In praise of plurals: “executive function” versus “executive functions” and why this matters in bilingualism research

Thematic Section: Synergies & confrontations: socio- and psycholinguistic, cognitive and neuroscientific approaches to bilingualism

history of ideas, neuroplasticity, adaptation, translanguaging, code switching

Thomas H Bak, University of Edinburgh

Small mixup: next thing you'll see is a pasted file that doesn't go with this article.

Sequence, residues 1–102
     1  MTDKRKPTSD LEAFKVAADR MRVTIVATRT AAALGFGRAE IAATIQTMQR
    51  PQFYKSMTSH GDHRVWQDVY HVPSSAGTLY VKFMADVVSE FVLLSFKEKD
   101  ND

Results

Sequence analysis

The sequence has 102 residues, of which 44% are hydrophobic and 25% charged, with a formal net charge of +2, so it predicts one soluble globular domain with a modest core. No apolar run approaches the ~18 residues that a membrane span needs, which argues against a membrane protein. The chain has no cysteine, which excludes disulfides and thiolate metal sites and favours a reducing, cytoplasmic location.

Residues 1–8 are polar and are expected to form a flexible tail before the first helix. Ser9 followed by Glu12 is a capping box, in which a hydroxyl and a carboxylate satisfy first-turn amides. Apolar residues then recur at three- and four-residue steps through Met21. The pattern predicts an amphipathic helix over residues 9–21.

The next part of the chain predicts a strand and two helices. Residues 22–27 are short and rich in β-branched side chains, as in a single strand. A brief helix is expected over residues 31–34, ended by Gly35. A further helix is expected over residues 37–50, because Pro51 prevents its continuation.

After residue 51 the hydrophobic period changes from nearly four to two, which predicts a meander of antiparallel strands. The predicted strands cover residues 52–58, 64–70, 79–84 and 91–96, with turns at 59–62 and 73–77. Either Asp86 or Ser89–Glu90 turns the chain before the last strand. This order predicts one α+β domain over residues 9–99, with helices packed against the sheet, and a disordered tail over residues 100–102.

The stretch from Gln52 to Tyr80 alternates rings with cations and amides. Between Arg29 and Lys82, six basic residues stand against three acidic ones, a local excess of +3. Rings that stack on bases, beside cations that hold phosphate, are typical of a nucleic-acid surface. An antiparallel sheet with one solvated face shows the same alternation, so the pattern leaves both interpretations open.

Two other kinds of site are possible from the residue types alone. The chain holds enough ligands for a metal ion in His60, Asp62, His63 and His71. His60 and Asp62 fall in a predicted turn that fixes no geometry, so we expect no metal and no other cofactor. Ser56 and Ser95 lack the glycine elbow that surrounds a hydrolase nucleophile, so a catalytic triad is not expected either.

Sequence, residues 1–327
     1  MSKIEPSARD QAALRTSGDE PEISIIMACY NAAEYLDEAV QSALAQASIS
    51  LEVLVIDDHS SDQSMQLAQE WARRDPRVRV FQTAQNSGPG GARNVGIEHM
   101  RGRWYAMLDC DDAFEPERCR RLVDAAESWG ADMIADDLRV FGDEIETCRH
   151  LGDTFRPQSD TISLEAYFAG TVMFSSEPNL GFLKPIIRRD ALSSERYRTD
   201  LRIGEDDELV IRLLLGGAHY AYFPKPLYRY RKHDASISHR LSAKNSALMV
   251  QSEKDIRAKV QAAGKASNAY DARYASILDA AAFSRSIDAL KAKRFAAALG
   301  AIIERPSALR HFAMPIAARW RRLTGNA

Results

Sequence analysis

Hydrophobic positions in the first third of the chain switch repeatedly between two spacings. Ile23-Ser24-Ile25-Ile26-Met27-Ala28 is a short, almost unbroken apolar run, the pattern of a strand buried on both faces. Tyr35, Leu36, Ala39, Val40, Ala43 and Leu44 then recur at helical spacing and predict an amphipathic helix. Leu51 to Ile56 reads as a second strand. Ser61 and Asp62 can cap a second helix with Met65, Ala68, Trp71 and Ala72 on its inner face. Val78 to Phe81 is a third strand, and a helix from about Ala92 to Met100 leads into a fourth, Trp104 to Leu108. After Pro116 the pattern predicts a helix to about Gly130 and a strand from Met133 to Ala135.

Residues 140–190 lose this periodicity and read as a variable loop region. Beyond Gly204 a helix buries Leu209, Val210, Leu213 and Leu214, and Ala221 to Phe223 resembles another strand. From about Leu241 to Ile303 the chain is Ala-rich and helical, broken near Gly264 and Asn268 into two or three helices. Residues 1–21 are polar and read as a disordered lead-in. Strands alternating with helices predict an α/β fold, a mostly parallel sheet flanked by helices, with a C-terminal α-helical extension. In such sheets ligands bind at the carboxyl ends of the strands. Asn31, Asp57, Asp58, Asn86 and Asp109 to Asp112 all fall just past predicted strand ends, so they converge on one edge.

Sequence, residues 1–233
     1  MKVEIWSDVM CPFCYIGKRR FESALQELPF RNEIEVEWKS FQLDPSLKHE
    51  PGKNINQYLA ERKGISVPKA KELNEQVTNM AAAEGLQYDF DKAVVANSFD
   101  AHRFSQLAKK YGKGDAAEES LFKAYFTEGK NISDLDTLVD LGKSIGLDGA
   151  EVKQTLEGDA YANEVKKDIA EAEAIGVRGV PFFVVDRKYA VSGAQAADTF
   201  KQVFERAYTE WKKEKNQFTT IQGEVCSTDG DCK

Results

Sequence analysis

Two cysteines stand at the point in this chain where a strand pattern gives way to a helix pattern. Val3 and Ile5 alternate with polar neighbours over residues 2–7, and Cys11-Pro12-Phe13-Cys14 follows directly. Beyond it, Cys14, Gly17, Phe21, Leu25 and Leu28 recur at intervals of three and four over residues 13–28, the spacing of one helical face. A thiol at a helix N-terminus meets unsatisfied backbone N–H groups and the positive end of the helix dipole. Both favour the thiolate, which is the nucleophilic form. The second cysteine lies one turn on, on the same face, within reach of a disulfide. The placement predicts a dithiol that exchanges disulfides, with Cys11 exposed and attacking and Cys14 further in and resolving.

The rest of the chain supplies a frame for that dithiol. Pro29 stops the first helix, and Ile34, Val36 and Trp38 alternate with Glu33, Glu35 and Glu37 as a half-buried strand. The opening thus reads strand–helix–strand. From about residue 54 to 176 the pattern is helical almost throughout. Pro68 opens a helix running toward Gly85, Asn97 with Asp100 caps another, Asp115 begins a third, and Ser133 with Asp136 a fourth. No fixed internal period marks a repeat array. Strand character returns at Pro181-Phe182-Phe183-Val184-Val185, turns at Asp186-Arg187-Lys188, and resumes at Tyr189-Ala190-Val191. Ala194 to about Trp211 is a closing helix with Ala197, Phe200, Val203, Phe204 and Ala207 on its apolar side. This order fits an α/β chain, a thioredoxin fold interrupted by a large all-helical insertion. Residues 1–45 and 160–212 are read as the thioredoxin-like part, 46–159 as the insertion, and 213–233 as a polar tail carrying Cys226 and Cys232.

After giving a general introduction (as delineated in the proposal to the thematic section) to the history of the relationship between sociolinguistics and applied linguistics on one hand and psycholinguistics and cognitive neuroscience on the other, this presentation will focus on the central and highly controversial topic of “executive functions” and their relation to bilingualism. It will trace the roots of this concept in politics, organisational studies and computer science, its introduction into neuroscience in 1970’s, its application to frontal lobe dysfunctions in 1980’s and the increasing role it plays in theories of bilingualism and cognition from 1990’s onwards. It will argue, that although the central underlying idea of executive functions is shared by the vast majority of researchers coming from different backgrounds, there are subtle differences in their interpretation, often reflecting the character of the populations (from patients with frontal lobe disorders to mono- and bilingual pupils in schools) and methodologies (from single case studies to factor analyses of large cohorts). These differences, and in particular the contrast between an “executive function” as a unified concept versus a wide range of dissociable “executive functions” as a heterogeneous category become relevant in the context of the “bilingual advantage debate”.